Korematsu v. United States

323 U.S. 214 Supreme Court 1944
theimprisonment of a citizen in a concentration camp solely because ofancestry,isunjustifiableuglyracial prejudice,whichwasinevitablyjustifiedbythe CourtCongress and the PresidentTheConstitutionmeansnothing inwar
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Fred Korematsu was a 23-year-old Japanese-American citizen when President Franklin D. Roosevelt signed an executive order authorizing armed forces to remove people of Japanese ancestry to internment camps following the Japanese attacks on Pearl Harbor in 1942. This caused the relocation of 120,000+ people to 26 detention camps in seven western states, some of which were in particularly remote and harsh conditions.

Korematsu did not comply with the order. He changed his name, altered his appearance, and claimed to be of Hawaiian and Spanish descent. After the FBI arrested him in May of 1942, he was convicted of violating military orders and sent to an internment camp in San Bruno, CA. The ACLU, representing Korematsu, appealed the case to the Supreme Court, which ruled 6-3 that Korematsu’s detention was not based on race, but instead constituted a “military necessity.”

Dissenting, Justice Jackson stated, “Korematsu ... has been convicted of an act not commonly thought a crime … It consists merely of being present in the state whereof he is a citizen, near the place where he was born, and where all his life he has lived…\[H]ere is an attempt to make an otherwise innocent act a crime merely because this prisoner is the son of parents as to whom he had no choice, and belongs to a race from which there is no way to resign.”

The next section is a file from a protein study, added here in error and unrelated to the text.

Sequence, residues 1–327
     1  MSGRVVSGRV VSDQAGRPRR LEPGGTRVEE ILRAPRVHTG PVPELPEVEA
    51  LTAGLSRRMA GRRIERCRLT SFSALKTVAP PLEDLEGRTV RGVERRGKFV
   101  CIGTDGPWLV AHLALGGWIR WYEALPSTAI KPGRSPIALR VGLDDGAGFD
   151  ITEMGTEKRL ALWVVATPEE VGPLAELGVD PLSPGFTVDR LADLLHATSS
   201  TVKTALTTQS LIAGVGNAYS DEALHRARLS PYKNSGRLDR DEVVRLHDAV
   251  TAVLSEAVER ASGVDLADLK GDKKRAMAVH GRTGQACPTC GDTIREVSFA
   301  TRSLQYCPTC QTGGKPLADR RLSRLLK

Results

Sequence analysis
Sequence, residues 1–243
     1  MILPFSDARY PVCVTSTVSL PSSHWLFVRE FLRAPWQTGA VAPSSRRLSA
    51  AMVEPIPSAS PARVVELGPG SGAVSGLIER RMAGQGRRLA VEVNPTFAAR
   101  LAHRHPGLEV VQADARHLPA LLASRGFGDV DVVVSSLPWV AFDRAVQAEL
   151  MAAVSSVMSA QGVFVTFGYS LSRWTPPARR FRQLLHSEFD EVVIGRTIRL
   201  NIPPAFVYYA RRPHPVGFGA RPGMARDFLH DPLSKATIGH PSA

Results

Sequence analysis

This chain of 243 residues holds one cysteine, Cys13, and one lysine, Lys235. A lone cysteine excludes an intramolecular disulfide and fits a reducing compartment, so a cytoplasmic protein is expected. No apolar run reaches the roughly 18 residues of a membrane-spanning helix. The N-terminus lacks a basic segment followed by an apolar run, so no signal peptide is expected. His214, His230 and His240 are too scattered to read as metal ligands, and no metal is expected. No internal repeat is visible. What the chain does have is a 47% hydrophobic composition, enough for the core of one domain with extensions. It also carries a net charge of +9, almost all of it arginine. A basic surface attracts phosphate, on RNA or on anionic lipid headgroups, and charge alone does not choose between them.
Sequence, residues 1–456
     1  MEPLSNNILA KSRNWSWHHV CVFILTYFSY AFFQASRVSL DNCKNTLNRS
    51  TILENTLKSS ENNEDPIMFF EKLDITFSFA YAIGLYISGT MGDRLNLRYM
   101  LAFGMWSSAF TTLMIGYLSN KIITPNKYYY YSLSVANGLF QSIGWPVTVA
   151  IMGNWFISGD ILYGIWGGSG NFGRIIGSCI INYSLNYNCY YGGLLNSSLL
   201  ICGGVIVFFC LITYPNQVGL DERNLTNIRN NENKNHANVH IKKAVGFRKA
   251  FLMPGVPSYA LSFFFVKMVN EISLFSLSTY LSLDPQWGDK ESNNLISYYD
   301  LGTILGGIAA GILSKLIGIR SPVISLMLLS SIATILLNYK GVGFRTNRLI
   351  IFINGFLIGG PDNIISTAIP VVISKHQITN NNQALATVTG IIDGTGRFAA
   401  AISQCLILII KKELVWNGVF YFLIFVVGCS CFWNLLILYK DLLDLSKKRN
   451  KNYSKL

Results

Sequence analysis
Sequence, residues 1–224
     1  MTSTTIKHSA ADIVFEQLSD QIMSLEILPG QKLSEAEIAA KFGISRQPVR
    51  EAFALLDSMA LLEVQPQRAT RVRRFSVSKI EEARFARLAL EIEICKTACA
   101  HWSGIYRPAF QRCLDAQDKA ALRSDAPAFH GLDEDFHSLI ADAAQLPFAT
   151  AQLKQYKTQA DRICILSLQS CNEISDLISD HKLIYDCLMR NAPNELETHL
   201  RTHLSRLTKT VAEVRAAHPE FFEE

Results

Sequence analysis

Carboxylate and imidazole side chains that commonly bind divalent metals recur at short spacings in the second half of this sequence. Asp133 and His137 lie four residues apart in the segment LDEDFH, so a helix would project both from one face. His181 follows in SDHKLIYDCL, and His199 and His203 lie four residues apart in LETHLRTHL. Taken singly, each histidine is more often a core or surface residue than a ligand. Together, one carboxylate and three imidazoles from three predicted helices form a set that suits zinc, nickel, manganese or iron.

The case has reverberations to this day. During the Trump v. Hawaii Muslim travel-ban case in 2018, Justice Sotomayor argued in her dissent that the court was using the “same dangerous logic” from Korematsu to justify a ban on nationals from certain Muslim-majority countries from entering the United States. Responding to this criticism, Justice Robert said that Korematsu “has no place in law under the Constitution.” However, it can be argued that Trump v. Hawaii is essentially the same doctrine by a different name.

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